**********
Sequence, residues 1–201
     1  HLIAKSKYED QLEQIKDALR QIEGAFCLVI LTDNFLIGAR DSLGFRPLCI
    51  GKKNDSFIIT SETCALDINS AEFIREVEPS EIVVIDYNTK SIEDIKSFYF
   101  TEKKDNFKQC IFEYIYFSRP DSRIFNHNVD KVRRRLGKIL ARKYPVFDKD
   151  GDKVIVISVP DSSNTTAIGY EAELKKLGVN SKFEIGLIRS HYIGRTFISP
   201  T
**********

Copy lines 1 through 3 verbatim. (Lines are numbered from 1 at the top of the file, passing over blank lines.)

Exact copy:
Sequence, residues 1–201
     1  HLIAKSKYED QLEQIKDALR QIEGAFCLVI LTDNFLIGAR DSLGFRPLCI
    51  GKKNDSFIIT SETCALDINS AEFIREVEPS EIVVIDYNTK SIEDIKSFYF